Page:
Middle School students learned on February 15 from a special guest, as Chazz Woodson '01, head men's lacrosse coach at Hampton University, returned to Johnson Theater to speak about Historically Black Colleges and Universities (HBCUs), work ethic, determination, and much more.
Coach Woodson was a standout lacrosse, basketball, and football player at Academy before advancing to play lacrosse at Brown University and then professionally. Joining him on stage was JT Giles-Harris, a lacrosse standout at Duke University who is now an assistant at Hampton. Middle School Director Jeff Boyd guided the discussion, allowing them to answer a wide array of questions.
One of Coach Woodson's messages for students was that he never identified himself solely as an athlete - his attributes in community service and other areas were just as important to him. In college, he didn't spend a lot of free time with teammates, instead choosing to bond with other African American students and other groups.
“My identity was not a lacrosse player, or a football player or basketball player," Coach Woodson said. “Even when it seemed to be from the outside world. ... And I think that was immensely critical, particularly when I was in college. ... I had a firm sense of who I am and why I do the things I do."
Coach Woodson also spoke about the value he derived from community service. While at Brown, he did a type of study abroad, teaching at an elementary school in New York City. He said he developed a love for working with young students at Norfolk Academy, when he served as a camp counselor. His father, Ed Woodson, was a longtime teacher-coach at Academy, so Chazz saw from a young age how committed such teacher-coaches were to helping students.
The time teaching in New York "shaped the rest of my life," he said.
After graduating from Brown, Coach Woodson played in Major League Lacrosse, where he excelled. Coach Tom Duquette, who coached Chazz at Academy and introduced his former player on the Johnson Theater stage, called him “one of the most dynamic and innovative players ever to play" the game.
However, his love for working with young students and athletes held strong, and he remained committed to teaching and coaching. As a member of the Board of Directors for USA Lacrosse, he helped develop the Sankofa Lacrosse Clinic Series, which provides free clinics to children in communities that are underrepresented in the lacrosse landscape. He helped found Nation United Lacrosse, which works to increase diversity in the sport and beyond. He was also a big brother with Big Brothers, Big Sisters of Miami, and taught at the elementary and middle school level in Florida.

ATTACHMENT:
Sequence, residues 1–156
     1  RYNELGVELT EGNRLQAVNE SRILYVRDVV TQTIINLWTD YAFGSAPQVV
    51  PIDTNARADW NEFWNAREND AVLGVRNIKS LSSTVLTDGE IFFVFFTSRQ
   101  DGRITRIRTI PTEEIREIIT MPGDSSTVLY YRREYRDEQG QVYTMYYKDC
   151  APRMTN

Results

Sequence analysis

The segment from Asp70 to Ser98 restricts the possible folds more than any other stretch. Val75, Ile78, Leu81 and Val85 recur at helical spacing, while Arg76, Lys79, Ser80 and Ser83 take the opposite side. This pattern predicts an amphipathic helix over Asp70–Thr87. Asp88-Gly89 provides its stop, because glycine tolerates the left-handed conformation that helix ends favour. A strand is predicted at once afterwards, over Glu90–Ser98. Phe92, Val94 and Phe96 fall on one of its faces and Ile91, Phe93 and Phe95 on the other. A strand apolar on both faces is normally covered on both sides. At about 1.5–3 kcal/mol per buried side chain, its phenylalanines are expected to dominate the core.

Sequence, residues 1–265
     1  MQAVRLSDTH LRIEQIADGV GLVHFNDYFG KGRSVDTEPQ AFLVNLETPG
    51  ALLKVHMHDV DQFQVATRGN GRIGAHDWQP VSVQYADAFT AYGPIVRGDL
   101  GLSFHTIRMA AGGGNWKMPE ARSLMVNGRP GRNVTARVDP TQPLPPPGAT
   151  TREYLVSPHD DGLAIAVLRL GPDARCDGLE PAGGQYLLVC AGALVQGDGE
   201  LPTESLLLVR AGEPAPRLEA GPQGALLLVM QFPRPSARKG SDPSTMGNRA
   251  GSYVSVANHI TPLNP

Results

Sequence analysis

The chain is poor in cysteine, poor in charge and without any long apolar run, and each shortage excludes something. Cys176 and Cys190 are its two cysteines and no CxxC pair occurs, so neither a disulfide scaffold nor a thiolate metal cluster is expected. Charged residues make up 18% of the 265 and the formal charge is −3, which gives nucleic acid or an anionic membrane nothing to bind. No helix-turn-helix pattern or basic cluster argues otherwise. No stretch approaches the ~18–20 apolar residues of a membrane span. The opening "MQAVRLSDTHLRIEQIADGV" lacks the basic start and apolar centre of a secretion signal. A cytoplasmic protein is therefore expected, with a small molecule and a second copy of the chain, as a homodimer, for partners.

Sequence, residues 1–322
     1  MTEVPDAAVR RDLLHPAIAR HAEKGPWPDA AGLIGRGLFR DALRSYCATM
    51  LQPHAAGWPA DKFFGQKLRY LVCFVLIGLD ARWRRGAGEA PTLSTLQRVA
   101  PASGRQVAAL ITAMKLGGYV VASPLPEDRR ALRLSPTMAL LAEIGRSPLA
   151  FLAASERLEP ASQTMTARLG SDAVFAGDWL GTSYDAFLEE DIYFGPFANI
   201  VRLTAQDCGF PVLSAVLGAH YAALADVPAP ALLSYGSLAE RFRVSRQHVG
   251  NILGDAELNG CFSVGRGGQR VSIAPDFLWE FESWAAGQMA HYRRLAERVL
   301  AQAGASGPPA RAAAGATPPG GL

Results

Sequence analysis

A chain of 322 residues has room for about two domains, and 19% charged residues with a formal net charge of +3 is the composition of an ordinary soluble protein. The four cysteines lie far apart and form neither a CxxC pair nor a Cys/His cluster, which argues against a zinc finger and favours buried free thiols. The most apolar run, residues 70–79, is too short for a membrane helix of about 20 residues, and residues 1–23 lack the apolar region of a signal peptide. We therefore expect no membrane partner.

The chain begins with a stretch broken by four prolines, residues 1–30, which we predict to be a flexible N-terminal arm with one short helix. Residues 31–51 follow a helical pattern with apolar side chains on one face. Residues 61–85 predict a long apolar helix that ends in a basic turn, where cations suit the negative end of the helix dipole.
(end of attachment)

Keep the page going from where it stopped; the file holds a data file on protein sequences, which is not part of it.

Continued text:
During the presentation on February 15, video of Coach Woodson's playing days ran on a big screen. As soon as the video concluded, he made an important note - that success came after a lot of struggles. He scored sparingly early in his college career and played sparingly early in his professional career. He was cut or traded multiple times.
“There's a lot of hard work in that," he said, pointing to the highlight reel. “It's also not all highs. There's a lot of lows. And there are points in there when I didn't want to play anymore. There are points in there when I wasn't having fun. I think that's extremely important to point out, because you're going to go through certain things in life, whether at school, whether playing a sport, where not everything is great."
The presentation was one of several students are hearing during Black History Month, and Coach Woodson spent considerable time unpacking what it means to him to be coaching lacrosse at an HBCU. Hampton announced his hiring in July 2020, but because of Covid he hasn't coached a game yet. The Pirates open their 2022 season February 19.
Hampton is one of the few HBCUs to ever field a lacrosse program — Morgan State was the first, when it played in the 1960s into the 1970s — and the significance of this was not lost on Academy students. HBCUs offer a strong sense of community, Woodson said. Coaching at one offers the opportunity to spotlight those and their many other benefits.
“This is a program that can change the face of lacrosse," he said.